The removal of untouchability is one of the highest expressions of social ahimsa. “I did not talk of removal of untouchability as a copybook aphorism of ahimsa but said what I believed in every fibre of my being. And my practice of ahimsa with scientific precision for an unbroken period of over 60 years in various walks of life has only enriched my belief,” Bapu said.

Ahimsa also means not violating the balance of nature, not violating the air, water, and environment. Ideal ahimsa leaves positive footprint of one’s existence behind, but relative ahimsa leaves only a very small negative footprint.

Thus, ahimsa is a panacea for all evils mundane and extra-mundane, a silver bullet to solve every human misery, because it applies to every action, thought and reaction. Even in the case of statecraft, ahimsa can give us the purest form of democracy because it doesn’t put the right person in power but awakens the right kind of power in people.

While answering Lala Lajpat Rai’s shabby and battered argument that the practice of ahimsa contributed to the downfall of India, Bapu said, “During the past fifteen hundred years, as a nation, we gave ample proof of our physical courage, but we are torn by internal dissensions and have been dominated by love of self instead of love of country. If we are unmanly today, we are so, not because we do not know how to strike, but because we fear to die.”

To demolish the notion that human history is riddled with wars, Bapu said, if history is nothing but a chronicle of wars, humanity would have long perished. The fact that billions are still alive shows that our world thrives on the force of love, not hatred. Facilitating such progress, undoubtedly, every problem in human evolutionary journey must have lent itself to a solution with the help of love.

Bapu felt that Indians never gave ahimsa the trajectory it deserved, yet the marvel is that we have attained so much even with our mixed ahimsa.

When a publisher wanted him to pen a book on the ‘science of ahimsa’, Bapu refused saying that neither is he an accomplished writer nor was it possible for a human being to get a full grasp of truth, and equally it was humanly impossible to get a vision of ahimsa that was complete. Instead of thin-slicing his theories of ahimsa in a book, Bapu urged us to understand the results of his life-long experiments.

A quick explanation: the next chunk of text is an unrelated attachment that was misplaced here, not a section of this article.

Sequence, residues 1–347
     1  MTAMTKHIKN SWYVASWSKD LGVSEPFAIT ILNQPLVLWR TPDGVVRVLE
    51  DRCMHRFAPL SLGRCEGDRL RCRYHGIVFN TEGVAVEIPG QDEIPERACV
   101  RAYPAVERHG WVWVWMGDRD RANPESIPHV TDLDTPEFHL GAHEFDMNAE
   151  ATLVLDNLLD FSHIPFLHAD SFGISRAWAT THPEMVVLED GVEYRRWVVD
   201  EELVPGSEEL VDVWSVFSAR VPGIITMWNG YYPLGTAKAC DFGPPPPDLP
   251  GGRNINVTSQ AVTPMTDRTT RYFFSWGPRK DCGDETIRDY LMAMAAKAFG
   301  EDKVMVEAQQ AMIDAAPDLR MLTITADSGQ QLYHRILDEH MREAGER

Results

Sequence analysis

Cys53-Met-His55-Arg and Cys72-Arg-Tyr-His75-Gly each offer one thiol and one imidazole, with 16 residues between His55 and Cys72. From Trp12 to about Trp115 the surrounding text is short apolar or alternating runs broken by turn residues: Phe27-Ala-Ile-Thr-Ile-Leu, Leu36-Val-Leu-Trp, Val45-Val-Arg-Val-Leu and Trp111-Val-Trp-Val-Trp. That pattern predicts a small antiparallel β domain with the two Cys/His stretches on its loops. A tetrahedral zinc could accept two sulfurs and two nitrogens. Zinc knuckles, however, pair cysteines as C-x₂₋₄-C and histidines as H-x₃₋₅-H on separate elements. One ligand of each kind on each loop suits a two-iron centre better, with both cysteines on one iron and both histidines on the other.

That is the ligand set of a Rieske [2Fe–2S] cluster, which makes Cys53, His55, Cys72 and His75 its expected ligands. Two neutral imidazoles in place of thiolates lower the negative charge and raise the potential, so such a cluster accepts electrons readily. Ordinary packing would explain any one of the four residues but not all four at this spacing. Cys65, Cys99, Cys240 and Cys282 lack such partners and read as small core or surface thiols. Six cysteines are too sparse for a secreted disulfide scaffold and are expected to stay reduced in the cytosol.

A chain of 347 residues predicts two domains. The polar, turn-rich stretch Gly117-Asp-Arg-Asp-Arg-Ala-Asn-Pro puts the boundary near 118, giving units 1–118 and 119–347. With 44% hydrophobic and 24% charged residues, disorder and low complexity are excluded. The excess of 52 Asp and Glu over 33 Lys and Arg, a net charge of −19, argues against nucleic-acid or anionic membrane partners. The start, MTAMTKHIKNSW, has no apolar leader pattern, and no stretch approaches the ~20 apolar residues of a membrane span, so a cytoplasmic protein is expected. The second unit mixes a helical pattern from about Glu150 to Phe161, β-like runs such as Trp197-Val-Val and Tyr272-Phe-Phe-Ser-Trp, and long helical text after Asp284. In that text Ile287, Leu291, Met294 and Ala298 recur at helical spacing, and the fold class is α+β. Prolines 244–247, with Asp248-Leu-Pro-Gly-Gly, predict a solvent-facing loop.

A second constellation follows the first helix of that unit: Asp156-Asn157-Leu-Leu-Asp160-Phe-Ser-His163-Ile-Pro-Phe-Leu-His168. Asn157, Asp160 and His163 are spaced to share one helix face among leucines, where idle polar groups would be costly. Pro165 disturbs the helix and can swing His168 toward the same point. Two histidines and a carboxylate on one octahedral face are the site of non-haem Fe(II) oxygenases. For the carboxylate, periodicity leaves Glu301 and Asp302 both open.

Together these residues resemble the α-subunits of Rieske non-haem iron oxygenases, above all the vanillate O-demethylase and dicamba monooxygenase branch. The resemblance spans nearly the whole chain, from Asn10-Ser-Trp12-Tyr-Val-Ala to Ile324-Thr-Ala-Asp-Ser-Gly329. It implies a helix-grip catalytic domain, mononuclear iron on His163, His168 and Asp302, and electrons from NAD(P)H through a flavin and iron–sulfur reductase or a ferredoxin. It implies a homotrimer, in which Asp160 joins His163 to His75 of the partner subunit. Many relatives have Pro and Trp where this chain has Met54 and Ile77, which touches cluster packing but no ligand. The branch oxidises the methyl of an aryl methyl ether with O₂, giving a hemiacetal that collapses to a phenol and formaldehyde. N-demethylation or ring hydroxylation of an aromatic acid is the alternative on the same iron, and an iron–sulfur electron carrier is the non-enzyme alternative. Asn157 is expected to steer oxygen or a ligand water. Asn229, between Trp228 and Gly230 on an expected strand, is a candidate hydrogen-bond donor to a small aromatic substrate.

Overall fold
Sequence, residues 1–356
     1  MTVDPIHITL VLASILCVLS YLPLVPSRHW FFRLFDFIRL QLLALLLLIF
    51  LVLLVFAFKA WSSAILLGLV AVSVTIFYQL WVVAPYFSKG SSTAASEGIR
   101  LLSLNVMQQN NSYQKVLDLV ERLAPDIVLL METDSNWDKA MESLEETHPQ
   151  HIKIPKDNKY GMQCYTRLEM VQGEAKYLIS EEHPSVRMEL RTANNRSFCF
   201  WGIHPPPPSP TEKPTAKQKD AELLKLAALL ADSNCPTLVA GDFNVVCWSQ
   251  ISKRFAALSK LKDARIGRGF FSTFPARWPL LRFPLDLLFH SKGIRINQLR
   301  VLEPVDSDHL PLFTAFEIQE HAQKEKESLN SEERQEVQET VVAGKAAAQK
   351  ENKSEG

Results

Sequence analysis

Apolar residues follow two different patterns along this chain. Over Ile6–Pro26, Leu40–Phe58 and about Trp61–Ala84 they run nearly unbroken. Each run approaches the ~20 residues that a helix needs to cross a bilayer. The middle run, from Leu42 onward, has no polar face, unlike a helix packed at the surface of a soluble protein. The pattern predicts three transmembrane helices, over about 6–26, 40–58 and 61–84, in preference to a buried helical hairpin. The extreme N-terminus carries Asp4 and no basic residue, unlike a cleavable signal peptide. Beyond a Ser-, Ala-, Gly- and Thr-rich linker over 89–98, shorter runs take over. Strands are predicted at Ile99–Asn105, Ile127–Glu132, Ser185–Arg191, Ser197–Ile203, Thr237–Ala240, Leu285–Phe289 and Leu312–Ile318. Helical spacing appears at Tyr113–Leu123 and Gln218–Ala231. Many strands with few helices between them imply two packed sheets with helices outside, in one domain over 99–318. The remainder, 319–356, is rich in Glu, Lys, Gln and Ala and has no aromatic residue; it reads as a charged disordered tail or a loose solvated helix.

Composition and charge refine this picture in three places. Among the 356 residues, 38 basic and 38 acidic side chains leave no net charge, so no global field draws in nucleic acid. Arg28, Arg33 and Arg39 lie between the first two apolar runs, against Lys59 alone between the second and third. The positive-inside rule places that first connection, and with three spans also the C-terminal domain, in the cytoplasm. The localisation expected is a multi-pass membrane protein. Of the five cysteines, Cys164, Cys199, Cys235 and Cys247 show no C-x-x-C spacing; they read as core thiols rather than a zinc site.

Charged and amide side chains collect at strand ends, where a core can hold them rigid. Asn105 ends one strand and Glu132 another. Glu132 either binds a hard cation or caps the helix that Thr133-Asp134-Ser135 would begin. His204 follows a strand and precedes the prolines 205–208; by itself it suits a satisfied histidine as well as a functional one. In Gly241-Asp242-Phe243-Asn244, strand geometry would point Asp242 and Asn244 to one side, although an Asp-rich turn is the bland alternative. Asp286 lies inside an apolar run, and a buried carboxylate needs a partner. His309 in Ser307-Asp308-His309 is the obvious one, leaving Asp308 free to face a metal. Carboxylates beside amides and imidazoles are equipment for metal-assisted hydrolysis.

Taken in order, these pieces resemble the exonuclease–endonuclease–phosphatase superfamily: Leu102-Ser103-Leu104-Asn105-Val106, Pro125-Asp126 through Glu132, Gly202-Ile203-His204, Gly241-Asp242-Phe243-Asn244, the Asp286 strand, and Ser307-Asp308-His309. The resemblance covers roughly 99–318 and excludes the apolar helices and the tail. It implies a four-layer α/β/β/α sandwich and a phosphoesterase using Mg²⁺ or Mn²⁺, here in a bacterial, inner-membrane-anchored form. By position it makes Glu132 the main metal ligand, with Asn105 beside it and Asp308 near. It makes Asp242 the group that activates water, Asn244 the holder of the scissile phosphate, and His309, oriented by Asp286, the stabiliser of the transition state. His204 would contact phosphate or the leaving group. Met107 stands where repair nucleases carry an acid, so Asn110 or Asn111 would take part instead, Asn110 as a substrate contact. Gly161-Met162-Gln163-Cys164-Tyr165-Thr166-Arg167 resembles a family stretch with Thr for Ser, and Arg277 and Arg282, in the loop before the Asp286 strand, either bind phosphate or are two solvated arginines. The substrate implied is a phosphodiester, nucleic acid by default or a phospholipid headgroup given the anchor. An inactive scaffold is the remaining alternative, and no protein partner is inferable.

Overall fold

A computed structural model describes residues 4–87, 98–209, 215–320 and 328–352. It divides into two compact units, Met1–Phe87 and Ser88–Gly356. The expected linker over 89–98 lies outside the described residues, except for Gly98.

While awaiting the 5G windfall, even Startup India’s restless longing for an improved bankruptcy code or the race to weaponize quantum computing cannot relegate ahimsa to archival or ontological realms for, in our civilasational journey, every now and then, ahimsa would invariably nudge us to grasp its infallible effectiveness against social hara-kiri.

“We are still not in the noon of civilisation,” Bapu said, “We are in the very early hours of the morning of human evolution. We have a long way to go and if we adopt ahimsa sincerely, seriously and systematically, we can make this world into a better world.”

Bapu not only belongs to a pantheon of seers who aren’t recognized by their peers but revered by later generations, unquestionably, he is also India’s conscience keeper. Thus, he is our past, our present and, given the endemic despondence of our times, to keep ourselves from becoming an unthinking, unfocussed, gunfighting republic of mercenaries, his ahimsa is the means to our civilasational progress.

…………………….

Ram Govardhan’s short stories have appeared in Asian Cha, Open Road Review, The Literary Yard, The Bangalore Review, Quarterly Literary Review Singapore, Indian Ruminations, The Spark, Muse India, The Bombay Review and other Asian and African literary journals. His novel, Rough with the Smooth, was longlisted for the 2009 Man Asian Literary Prize, The Economist-Crossword 2011 Award and published by Leadstart Publishing, Mumbai. He lives in Chennai.

Categories: Essay, Non-Fiction